October 09, 2015

DB explores shake-up of Arriva and Schenker

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GERMAN Rail (DB) has recruited investment bank Lazard to explore options for its Arriva passenger rail and bus subsidiary, including a stock market listing, while it is also looking at the future structure of its DB Schenker railfreight division.

 

According to Reuters, Lazard will prepare a feasibility study for the potential listing of Arriva, which DB's supervisory board wants to use for the discussions on the company's future at a meeting in December.

With DB facing increasing competition from private concessionaires on regional routes and long-distance buses following market liberalisation, the appointment is further evidence that the railway is looking at other ways of raising money. Its operating profit fell almost 6% in 2014 to €2.1bn, with 40% of this coming from its international operations.

Reuters cites two unnamed sources as stating that DB may float 25% of Arriva, which it purchased for £1.6bn in 2010, as early as the second quarter of 2016. The group reported Ebitda of €498m from €4.5bn of sales in 2014.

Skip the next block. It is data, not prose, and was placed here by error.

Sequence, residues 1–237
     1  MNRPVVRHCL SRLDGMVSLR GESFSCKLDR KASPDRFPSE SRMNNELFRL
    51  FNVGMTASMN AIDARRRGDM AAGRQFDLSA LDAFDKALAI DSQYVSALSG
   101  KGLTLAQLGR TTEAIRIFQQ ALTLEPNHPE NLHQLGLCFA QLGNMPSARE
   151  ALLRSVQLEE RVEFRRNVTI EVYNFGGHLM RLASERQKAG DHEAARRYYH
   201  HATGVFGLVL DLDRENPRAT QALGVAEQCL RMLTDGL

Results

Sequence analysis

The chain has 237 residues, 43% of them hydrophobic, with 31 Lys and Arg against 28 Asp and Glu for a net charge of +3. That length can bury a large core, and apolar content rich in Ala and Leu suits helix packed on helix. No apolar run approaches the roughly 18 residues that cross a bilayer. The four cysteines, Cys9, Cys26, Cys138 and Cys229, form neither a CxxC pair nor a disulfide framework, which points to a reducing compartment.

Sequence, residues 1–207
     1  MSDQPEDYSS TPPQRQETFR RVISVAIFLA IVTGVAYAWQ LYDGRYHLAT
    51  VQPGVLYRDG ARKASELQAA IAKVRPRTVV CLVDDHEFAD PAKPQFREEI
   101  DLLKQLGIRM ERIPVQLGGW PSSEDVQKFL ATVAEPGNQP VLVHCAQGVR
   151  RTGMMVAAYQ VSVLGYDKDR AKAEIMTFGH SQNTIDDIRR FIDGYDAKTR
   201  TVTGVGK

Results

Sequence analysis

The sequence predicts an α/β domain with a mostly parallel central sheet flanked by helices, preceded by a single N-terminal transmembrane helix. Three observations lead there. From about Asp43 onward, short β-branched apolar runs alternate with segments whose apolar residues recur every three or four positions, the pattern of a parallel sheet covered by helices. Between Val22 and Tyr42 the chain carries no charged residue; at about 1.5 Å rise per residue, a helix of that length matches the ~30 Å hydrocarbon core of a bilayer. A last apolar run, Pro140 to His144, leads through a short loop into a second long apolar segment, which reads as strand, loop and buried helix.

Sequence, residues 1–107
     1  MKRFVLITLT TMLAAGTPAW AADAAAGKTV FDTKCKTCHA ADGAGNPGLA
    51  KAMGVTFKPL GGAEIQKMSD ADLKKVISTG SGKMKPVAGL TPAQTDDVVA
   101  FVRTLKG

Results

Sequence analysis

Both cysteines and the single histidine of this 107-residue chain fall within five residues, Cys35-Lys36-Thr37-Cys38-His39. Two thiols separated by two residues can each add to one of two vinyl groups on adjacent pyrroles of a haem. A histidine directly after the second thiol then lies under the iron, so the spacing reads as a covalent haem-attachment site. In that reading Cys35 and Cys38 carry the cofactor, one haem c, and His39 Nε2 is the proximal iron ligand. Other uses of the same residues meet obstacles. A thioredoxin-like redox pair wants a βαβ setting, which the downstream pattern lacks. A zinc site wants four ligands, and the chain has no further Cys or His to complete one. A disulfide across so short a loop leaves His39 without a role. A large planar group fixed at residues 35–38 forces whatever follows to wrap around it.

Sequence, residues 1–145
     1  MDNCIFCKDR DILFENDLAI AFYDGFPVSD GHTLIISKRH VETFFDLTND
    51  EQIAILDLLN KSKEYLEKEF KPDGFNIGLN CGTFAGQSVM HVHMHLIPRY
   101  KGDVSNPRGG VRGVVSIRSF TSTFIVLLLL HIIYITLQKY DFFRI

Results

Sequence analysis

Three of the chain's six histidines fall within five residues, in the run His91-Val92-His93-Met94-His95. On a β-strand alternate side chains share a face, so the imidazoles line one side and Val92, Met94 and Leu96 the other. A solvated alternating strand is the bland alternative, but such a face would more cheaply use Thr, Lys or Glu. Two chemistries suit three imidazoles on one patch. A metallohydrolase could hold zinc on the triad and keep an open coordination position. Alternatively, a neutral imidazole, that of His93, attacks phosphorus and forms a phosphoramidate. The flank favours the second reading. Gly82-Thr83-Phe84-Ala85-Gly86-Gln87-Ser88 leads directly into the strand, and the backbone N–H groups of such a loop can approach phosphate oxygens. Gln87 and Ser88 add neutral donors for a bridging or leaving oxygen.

DB has also reportedly recruited consultants McKinsey to explore future options for its DB Schenker railfreight division. In addition to a potential listing, according to German television station n-tv, a report from the "Future Rail" group, which includes McKinsey, is recommending cutting back DB's freight operations through up to 5000 job cuts, or a third of the company's workforce.

The result could mean that services to economically weak states like Mecklenburg-Vorpommern are abandoned completely while the operation of single wagon loads may be significantly reduced.

The proposals will be finalised ahead of December's board meeting at which point DB's board is expected to vote on the proposals.

DB refused to comment on the n-tv story, although a Reuters source says listing both divisions could allow DB to show how much of the group's value lies in the two subsidiaries.

"That may show that it is actually a large part and that may prompt a re-think of the whole group strategy," the source said.

The moves come after DB's disappointing first half results announced in July, which was followed by a major restructuring of its board, and the departure of DB Schenker CEO Mr Alexander Hedderich.

 

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